“It has about 109 sections and each of the section is not talking about the same thing; some talk about lottery, gaming and others.
“We want to have all the laws in one place, so we will look at their positions and work on it.
“The issue of N20 Million would be looked into by the regulators. We would look at the socioeconomic reality and allow sanity into that sector.
“Some funny guys who are into yahoo come into the business, and some of them are involved in money laundering.
“Many Nigerians want to come into the sector, but they don’t have the wherewithal.
“So, we will not protect foreigners to the detriment of Nigerians. We can reduce the percentage, not that somebody who has the money will just come into it and we will allow Nigerians to suffer,” he said.
He explained that the state would be going into virtual gaming and that this has a lot of potentials for the people of Lagos, adding that they would make sure that this didn’t deter investors or discourage the residents of the state.
He revealed that the Lagos Lottery Board was building a fire station in Apapa and that this will be replicated in other parts of the state and that they would ensure that the money they realise is judiciously spent.
One of the stakeholders at the event, Mr. Adebagun Nojeem from Lagos Pool Promoters requested that the stakeholders in the gaming sector should be involved in the State Lottery Board and that the issue of N20 Million share capital should be looked into.
“The issue of N20 Million share capital should be looked into. It would have retroactive effect on the companies that have been registered. Pool is a game of the senior citizens. With the new capital base, we may go under.
“The 10% charges on sales should be reduced to about 2.5%. Penalty of N2.5 Million should be reduced to 1 Million or N500,000 and the issue of imprisonment should be removed,” he said.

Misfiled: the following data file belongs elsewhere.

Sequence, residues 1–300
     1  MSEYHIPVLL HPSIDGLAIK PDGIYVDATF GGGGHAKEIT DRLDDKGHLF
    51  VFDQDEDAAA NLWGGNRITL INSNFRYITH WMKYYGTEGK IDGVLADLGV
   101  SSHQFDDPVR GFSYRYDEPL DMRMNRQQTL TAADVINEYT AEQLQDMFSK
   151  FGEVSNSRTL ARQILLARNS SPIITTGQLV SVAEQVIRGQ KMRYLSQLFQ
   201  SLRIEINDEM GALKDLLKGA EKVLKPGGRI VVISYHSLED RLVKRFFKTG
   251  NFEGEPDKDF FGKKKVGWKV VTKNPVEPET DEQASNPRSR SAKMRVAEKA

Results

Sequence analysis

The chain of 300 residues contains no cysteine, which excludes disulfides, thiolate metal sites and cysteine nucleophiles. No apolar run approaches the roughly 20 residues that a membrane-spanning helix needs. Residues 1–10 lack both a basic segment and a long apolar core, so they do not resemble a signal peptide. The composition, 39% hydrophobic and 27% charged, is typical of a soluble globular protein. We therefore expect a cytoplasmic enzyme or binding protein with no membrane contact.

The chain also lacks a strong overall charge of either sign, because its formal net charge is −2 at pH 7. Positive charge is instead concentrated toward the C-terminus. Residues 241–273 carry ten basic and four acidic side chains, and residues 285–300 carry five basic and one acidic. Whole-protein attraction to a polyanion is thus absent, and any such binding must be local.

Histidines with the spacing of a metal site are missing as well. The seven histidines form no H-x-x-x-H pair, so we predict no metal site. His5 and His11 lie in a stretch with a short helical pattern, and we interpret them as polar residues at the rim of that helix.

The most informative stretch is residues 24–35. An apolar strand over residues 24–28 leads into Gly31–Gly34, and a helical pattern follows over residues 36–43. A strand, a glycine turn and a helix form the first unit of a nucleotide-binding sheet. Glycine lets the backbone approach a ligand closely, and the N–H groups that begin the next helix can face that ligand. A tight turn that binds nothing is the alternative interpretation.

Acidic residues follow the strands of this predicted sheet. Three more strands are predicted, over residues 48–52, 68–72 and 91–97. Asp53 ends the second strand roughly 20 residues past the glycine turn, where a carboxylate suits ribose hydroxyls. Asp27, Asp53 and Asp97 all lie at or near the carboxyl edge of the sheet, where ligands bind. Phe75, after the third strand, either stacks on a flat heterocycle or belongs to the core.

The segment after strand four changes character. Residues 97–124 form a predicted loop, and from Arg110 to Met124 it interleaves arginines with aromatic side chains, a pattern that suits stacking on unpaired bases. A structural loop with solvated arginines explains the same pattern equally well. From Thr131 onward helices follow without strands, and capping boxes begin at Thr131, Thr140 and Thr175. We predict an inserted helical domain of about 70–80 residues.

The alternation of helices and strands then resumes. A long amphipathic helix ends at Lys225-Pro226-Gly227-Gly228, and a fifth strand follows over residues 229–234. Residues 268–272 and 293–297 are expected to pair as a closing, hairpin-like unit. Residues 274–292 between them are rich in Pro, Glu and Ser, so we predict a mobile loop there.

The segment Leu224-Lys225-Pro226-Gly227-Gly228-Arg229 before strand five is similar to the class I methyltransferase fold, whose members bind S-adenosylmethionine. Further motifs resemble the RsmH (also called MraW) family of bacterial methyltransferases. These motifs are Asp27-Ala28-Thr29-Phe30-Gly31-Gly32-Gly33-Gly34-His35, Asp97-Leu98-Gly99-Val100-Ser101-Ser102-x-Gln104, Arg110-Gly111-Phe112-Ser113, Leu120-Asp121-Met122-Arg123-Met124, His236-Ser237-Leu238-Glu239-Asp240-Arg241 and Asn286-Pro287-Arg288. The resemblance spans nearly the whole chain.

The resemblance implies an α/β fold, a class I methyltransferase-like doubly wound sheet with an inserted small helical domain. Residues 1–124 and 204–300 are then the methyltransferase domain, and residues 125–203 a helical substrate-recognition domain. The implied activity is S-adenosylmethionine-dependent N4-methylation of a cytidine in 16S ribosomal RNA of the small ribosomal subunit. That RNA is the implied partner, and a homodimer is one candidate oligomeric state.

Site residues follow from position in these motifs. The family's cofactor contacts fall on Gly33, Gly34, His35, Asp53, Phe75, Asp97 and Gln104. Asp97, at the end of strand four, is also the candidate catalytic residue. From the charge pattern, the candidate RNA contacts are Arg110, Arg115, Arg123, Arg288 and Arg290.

Also speaking, Mr. Tokunbo Akande from the Lagos Internal Revenue Service (LIRS) said that licensing fees or royalties should be used in the bill instead of taxes and that there should be rooms for dispute resolutions in the bill.
On his part, Mr. Niyi Adekunle from Grand Lotto said that the first license fee for lottery was issued in 2008 for N200 Million, which he said was a huge money and that it is still a huge money.
He added that a lot of people that applied for licenses are dead and gone, and that the license should be changed to reflect the universal license.
“A lot of people are restricted to just one form of lottery. The Lottery Board should be focused on the spending of lottery. People might do lottery not just for winning, but for some other activities.
“For instance, we could say the money spent on buying lottery ticket is for research on COVID-19.
“The issue of licensing staff before they join lottery should also be looked into. Lottery is still an upcoming industry being blighted by cultural and religious biases. A lot of people hide the fact that they work in a lottery company or play lottery,” he said.
Mr. Chima Onwuka from the Nigerian Licences Lottery Operators said that the taxation and levies that are being imposed are becoming multiple, and called for the elimination of multiple taxation.
He said that the investors and operators were in the business to make money.
While Mr. Oyeniyi Emmanuel called for a parallel platform for dispute resolutions, Mr Clement Okoli from Betway Nigeria advised that the House Committee could relate with the regulators and key operators for inputs before the bill is passed into law.
Emmanuel said that in sports betting almost every product is licensed separately, and that one license should cover the whole business and that they should relate with industry experts before the the bill is passed into law.